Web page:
Oct 4, 2010
I was traveling last week, and a typhoon of technical difficulties prevented my from posting last week’s show. I do have a recorded interview that I’ll post later today (hopefully!), and will resume our regularly scheduled shows this week. I’m sorry for not getting last week’s show together, hopefully it won’t happen again.
Until then, go Saints!
Sep 27, 2010
I’m traveling this week, so I wasn’t able to pay my usual attention to the game. So, this’ll be a relatively short post.
I used to think that NFL teams had to play well enough to beat the the other team as well as and 2 other opponents: (1) bad luck, and (2) bad officiating. If you don’t play well enough to overcome the other team, bad luck, and bad officiating, then you don’t deserve to win. Today, I’m officially adding a new item to the list: kickers.
Yesterday, the Saints didn’t play well enough to overcome bad kicking. You can lay most of the blame at the offense’s feet. Let’s look at our adjusted Yards Per Attempt measure, which is a good proxy for offensive efficiency:
Matt Ryan was 19⁄30 for 228 yards with 2 sacks for -13 yards. His total adjusted YPA was 6.72, which is solid, but unspectacular. This implies that the Saints’ defense did a good job containing the Falcons’ offense, especially given the fact that the Saints’ offense kept giving the ball away.
Brew Drees was 30⁄38 for 365 with 2 interceptions and 2 sacks for -10 yards. Those interceptions really killed the Saints offensive efficiency, and it shows in Brew’s adjusted YPA of 5.88.
Simply put, you can’t turn the ball over 3 times and expect to win. Turnovers saved the Saints last week, but the team wasn’t so lucky this time. While Hartley’s missed chip shot prevented the team from winning, it was really their offensive performance that cost them the game.
Sep 23, 2010
Podcast: Play in new window | Download
This week, Stuart previews the huge Saints-Falcons game with Adam Schultz of The Falcoholic blog and a Falcons podcast called Courage and Fight. You can also follow Adam on Twitter. Adam and Stuart also play a rousing version of Yes Or No, and both the Saints Trivia Question and the Random Saints Memory return with a bang. Enjoy.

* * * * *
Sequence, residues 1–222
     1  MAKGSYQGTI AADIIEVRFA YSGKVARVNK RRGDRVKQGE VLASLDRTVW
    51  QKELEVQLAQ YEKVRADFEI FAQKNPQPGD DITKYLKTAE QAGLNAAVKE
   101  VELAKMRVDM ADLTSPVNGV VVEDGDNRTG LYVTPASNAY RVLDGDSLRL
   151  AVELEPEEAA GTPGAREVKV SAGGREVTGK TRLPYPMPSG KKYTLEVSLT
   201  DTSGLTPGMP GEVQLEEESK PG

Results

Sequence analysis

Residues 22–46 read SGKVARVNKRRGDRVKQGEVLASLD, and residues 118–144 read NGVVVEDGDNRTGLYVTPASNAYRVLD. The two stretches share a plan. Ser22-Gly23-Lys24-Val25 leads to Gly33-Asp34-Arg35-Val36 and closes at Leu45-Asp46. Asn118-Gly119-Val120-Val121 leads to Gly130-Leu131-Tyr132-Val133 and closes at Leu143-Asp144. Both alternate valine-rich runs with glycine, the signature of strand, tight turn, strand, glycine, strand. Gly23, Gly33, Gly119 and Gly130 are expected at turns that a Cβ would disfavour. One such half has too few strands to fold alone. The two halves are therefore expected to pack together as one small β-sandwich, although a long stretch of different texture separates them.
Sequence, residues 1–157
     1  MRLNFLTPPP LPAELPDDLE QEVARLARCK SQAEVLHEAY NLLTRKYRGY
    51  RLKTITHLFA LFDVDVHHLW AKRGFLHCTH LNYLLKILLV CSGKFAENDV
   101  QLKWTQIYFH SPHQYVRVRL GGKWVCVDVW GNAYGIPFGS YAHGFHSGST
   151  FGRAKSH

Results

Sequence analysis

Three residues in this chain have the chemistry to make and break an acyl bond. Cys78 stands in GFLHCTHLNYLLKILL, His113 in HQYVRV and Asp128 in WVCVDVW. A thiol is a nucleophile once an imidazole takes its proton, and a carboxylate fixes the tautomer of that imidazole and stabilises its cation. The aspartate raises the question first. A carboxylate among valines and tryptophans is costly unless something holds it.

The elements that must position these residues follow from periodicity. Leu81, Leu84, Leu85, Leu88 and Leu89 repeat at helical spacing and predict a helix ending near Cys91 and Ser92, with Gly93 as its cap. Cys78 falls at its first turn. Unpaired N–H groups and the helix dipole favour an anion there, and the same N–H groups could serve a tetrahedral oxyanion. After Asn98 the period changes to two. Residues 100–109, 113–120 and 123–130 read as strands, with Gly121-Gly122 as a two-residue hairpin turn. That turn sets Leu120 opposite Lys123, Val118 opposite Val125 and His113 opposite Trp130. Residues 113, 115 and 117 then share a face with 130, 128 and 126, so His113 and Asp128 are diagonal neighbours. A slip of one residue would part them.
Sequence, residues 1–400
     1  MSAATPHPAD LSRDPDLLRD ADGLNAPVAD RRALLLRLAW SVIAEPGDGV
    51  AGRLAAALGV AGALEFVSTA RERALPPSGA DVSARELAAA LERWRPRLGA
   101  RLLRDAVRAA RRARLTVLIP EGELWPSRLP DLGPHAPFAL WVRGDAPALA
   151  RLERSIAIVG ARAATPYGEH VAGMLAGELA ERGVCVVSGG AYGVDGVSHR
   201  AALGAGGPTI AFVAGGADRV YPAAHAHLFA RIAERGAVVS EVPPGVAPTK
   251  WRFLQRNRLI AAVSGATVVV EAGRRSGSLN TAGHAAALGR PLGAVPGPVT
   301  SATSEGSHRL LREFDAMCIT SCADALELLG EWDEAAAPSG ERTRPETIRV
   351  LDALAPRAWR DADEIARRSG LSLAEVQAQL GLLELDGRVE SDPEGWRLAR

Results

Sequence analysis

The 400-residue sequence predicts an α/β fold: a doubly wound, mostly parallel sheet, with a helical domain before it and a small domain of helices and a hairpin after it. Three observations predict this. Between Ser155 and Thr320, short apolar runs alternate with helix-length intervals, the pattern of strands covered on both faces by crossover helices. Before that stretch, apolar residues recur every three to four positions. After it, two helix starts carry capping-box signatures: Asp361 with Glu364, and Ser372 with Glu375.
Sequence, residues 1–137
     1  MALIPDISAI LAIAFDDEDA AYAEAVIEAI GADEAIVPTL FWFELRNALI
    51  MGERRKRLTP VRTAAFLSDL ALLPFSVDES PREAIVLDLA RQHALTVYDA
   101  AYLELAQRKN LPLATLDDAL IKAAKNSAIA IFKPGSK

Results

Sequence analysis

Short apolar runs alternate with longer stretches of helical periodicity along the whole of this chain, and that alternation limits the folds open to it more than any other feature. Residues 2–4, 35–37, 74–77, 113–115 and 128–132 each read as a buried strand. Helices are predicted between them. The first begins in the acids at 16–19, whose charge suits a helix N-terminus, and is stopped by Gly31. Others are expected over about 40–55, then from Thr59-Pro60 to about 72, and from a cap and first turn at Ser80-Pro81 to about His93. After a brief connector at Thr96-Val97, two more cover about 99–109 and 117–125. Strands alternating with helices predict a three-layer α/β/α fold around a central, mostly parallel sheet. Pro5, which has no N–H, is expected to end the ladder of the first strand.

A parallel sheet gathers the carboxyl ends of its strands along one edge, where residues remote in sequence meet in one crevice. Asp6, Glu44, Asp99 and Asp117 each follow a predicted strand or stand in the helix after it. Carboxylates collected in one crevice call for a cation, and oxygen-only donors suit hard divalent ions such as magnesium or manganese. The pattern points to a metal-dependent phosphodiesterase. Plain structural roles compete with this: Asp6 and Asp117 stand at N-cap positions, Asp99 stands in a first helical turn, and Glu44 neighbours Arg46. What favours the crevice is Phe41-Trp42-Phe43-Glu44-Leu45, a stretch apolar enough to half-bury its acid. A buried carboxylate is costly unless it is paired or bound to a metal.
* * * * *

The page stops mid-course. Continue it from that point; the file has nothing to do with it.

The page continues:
If you know the answer to this week’s trivia question, you can leave it in the comment thread below this post.
As always, thanks for listening. If you enjoy the podcast, please take a minute to rate us on iTunes or like us on Facebook.
Sep 21, 2010
Last week, I wrote that the game was a blowout that just didn’t materialize. The Saints clearly outplayed the Vikings, but dropped enough passes at enough critical times to have been lucky to win the game.
The feeling’s a lot different this week. The Saints offense struggled again, averaging a mediocre 5.93 adjusted yards per passing attempt,* and came within a goofy early safety (and a blocked overtime field goal that was somehow still good) of losing this game.
*See last week’s review for an explanation of the YPA adjustments.
The run defense was poor, and pass defense wasn’t much better. The biggest bright spot on defense was their takeaways. The Saints intercepted Alex Smith twice and recovered two 49ers fumbles, which was the difference in the game. To wit: if you don’t adjust for the interceptions, the 49ers’ adjusted YPA was a very good 8.59.
The interceptions still count, though, and so the 49ers offense actual adjusted YPA was 4.84, which is pretty bad. While I think the Saints were lucky to recover the fumbles they did, and I still hold that the turnover luck won’t continue all year long, they were able to come away with the ball when they needed it. The Saints are very good at forcing the issue, getting tipped balls, etc.
These were tough game conditions: a windy game on the road against a fired-up opponent playing for their lives. So, I’m happy that the team is flying home with the win, no matter how ugly. Going forward, however, this was a discouraging game. The offense had a second sub-par week and the defense remains vulnerable to the run and dependent on turnovers. The D didn’t get a lot of pressure on Alex Smith (0 sacks), perhaps because they were worried about Frank Gore. While the Saints may continue to get timely turnovers, I wouldn’t count on it. As such, the offense needs to improve dramatically for this team to make a serious playoff run.